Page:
The Wonder and Confusion About Omega-3 Diet
It has been labeled as a wonder oil preventing anything from Alzheimer's, arthritis, depression, asthma, to heart disease. The vitamin companies are cashing in selling consumers supplements that may or may not actually do what is claimed. It all started way back in the 1970's when it was found eskimos, which consumed cold water fish (high in omega-3) rarely ever died with heart disease. Because of that study, about 25% of Americans buy the supplement, a sort of insurance, so they think.
The bad news. Last month the Journal of the AMA published an analysis of 20 clinical studies involving 70,000 people talking omega-3. It was found that it did not, by itself, prevent heart disease or attacks, strokes or deaths from heart disease. The New England Journal of Medicine confirmed that it did not prevent heart problems in Type 2 diabetes or those with such a history. Many state that the findings should be viewed with caution citing a variety of logical reasons. So, why did two renowned medical journals published the results? Well, because to balance those trials and studies that state the opposite. Like most medical studies, there are two sides of the story.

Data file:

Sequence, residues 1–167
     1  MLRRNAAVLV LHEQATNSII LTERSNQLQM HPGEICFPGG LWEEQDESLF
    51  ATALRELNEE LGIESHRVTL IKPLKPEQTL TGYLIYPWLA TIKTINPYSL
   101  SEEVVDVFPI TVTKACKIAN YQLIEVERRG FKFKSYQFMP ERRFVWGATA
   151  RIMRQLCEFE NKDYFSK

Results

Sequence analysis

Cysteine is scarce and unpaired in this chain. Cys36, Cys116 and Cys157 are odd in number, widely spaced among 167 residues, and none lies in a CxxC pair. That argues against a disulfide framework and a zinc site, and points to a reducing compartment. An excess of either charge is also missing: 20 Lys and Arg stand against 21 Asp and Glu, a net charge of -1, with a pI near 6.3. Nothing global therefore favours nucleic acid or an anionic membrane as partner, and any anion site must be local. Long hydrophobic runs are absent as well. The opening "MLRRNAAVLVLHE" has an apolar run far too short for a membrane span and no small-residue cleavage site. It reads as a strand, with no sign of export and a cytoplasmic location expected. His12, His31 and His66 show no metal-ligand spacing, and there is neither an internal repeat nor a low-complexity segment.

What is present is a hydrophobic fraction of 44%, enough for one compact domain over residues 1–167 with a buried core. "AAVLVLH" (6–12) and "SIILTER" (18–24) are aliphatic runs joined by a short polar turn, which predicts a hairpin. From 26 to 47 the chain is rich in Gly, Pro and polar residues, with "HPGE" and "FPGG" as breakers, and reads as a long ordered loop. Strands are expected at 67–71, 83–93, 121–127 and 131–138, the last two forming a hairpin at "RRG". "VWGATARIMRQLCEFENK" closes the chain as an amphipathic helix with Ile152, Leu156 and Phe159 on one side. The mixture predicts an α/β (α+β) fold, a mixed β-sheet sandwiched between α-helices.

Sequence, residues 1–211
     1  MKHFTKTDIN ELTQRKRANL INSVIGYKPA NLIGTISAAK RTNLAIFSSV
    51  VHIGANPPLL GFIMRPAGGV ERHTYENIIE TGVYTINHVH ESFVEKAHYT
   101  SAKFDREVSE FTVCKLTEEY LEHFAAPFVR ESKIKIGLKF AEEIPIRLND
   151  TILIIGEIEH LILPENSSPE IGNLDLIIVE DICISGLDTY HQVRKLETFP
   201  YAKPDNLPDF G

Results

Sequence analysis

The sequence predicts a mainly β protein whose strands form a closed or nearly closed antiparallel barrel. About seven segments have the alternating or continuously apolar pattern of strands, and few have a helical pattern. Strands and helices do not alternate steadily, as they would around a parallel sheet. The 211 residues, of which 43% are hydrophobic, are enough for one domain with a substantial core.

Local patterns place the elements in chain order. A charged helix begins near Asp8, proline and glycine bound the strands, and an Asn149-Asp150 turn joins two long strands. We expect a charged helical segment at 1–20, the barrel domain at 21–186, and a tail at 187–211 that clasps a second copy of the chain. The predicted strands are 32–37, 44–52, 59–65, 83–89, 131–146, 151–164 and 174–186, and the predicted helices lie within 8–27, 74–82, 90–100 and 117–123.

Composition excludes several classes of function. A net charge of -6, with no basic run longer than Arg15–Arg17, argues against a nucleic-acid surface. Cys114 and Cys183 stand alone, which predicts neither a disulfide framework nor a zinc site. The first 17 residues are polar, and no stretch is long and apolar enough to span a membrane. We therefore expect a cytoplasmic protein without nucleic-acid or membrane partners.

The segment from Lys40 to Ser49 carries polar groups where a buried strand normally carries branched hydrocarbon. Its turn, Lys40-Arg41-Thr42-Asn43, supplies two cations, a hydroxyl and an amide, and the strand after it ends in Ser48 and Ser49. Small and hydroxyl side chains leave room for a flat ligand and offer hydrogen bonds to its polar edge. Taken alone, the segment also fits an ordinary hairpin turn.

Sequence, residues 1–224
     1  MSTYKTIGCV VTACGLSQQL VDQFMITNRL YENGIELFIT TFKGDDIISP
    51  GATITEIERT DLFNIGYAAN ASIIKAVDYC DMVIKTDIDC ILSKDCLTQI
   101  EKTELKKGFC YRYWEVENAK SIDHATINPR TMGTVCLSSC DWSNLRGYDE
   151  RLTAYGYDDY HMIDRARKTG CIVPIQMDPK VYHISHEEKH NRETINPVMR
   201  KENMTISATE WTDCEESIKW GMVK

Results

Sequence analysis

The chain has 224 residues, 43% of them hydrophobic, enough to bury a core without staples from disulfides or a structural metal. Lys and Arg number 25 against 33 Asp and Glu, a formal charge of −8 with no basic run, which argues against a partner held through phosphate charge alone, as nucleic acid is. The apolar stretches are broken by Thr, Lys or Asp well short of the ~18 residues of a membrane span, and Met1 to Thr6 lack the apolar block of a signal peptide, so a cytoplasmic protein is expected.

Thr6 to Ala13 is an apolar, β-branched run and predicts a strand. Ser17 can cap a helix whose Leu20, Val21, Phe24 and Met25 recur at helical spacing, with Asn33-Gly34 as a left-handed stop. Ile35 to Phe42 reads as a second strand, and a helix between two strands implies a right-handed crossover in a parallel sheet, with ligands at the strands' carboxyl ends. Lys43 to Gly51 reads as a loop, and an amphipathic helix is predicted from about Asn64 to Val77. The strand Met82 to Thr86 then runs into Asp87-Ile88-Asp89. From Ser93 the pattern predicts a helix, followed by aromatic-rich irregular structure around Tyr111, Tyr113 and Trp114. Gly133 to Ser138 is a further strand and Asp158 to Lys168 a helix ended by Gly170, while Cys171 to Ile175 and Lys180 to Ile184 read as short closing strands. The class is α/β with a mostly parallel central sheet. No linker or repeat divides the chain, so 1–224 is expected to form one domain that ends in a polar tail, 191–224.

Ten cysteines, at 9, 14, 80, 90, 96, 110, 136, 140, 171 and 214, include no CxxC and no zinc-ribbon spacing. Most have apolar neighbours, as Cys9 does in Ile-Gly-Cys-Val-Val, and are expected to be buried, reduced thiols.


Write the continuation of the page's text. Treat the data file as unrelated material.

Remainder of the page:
Still, the AMA does recommend adults eat fish twice a week. What kind? Specifically, salmon, sardines, tuna, shrimp, mackerel and herring. It is also recommended to eat walnuts, flaxseed, soybean, brussel sprouts, spinach or kale to obtain ALA, another key oil. But how much omega-3 is in a serving? A 4 oz serving contains anywhere from 1200 to 2400 mg of omega-3, while flax seeds contain 1700 mg per tablespoon. A cup of brussel sprouts has 280 mg a cup, a tablespoon of canola oil has 1300 mg, walnuts have 2300 mg per one-fourth cup, each egg has 35 mg. This is great info to know.
Omega-3 does help reduce macular degeneration, some depression, fetal development. The bottom line is that one should eat foods with omega-3 contents and eating excess amounts does not seem to hurt, but then, no one really knows.